Our bulb order was a little late in arriving this year, but just as we were beginning to worry whether it would turn up in time to plant, 5 huge boxes were delivered to our potting shed. Bulbs are one of our favourite groups of plants to work with at Gravetye, and the excitement of unpacking the order was like Christmas come early. As we unpack we check off each bag of bulbs against the order list and file them in the shelves of our potting shed, so they can easily be found when we are ready to plant.
We use thousands of bulbs each year at Gravetye, some are grown as cut flowers in the kitchen garden, some for naturalizing amongst the azaleas and heather in the spring garden and 7000 tulips for the flower garden. Probably the most important type of bulb planting we do though, is naturalising bulbs in to our meadows, as Gravetye was the first place where this form of wild gardening was practised.
Last year we planted about 1000 Camassia in our Orchard, which were a great success flowering in combination with the apple blossom. This year we have planted more of these lovely blue spikes, but our biggest single planting is the buttercup yellow Tulipa sylvestris.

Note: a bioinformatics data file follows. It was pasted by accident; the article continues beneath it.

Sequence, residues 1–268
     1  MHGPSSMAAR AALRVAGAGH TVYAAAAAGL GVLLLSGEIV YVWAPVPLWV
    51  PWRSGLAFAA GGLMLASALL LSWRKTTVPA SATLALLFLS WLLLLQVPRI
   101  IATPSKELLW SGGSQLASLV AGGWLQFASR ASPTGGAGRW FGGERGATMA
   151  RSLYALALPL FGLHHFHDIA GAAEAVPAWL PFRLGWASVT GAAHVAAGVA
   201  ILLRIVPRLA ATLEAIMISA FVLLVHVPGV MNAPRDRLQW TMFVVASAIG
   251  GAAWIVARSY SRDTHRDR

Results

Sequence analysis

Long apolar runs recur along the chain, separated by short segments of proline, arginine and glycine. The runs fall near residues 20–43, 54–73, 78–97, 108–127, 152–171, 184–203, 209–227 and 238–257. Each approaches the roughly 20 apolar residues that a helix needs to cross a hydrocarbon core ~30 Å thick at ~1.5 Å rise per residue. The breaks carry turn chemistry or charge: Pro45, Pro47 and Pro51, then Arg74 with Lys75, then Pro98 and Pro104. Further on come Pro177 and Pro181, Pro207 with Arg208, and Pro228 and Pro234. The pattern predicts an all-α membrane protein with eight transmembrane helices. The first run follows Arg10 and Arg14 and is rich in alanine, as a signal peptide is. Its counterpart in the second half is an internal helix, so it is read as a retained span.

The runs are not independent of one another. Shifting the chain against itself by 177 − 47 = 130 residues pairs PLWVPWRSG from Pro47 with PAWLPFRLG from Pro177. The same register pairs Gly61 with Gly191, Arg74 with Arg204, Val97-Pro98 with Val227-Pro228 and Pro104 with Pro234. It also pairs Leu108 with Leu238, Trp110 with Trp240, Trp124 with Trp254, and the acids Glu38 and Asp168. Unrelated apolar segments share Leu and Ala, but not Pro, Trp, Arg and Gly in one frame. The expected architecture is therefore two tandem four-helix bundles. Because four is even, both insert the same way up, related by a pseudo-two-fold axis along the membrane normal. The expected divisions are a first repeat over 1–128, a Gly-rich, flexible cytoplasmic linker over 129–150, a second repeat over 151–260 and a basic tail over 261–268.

The gardens founder, William Robinson, wrote about successfully establishing this plant in our meadow at Gravetye, but had since been lost. Last year we experimented with 200 which worked so well that this year we have just planted 3000.
There was so much excitement over this planting that my greedy dog was convinced that the bulbs must be edible. She probably would have eaten them giving the chance but each bulb is far too precious for her to try. Besides, she is on a diet… she is not a skinny collie but a fat whippet!
3000 bulbs may seem like a lot but in a meadow of 6 acres we have to deal with this quantity or the planting will just get lost in the scale of the meadow. We can plant these bulbs very quickly using our long handled bulb plating tool.
One person punches the holes, while the other plants the bulb and replaces the core. Our speed planting record for this technique was about 1000 bulbs in an hour, although we were some way off the record today as we had to spend some time working out how to make the planting look as natural as possible.
Words by Tom, photographs by Martin and Jimmy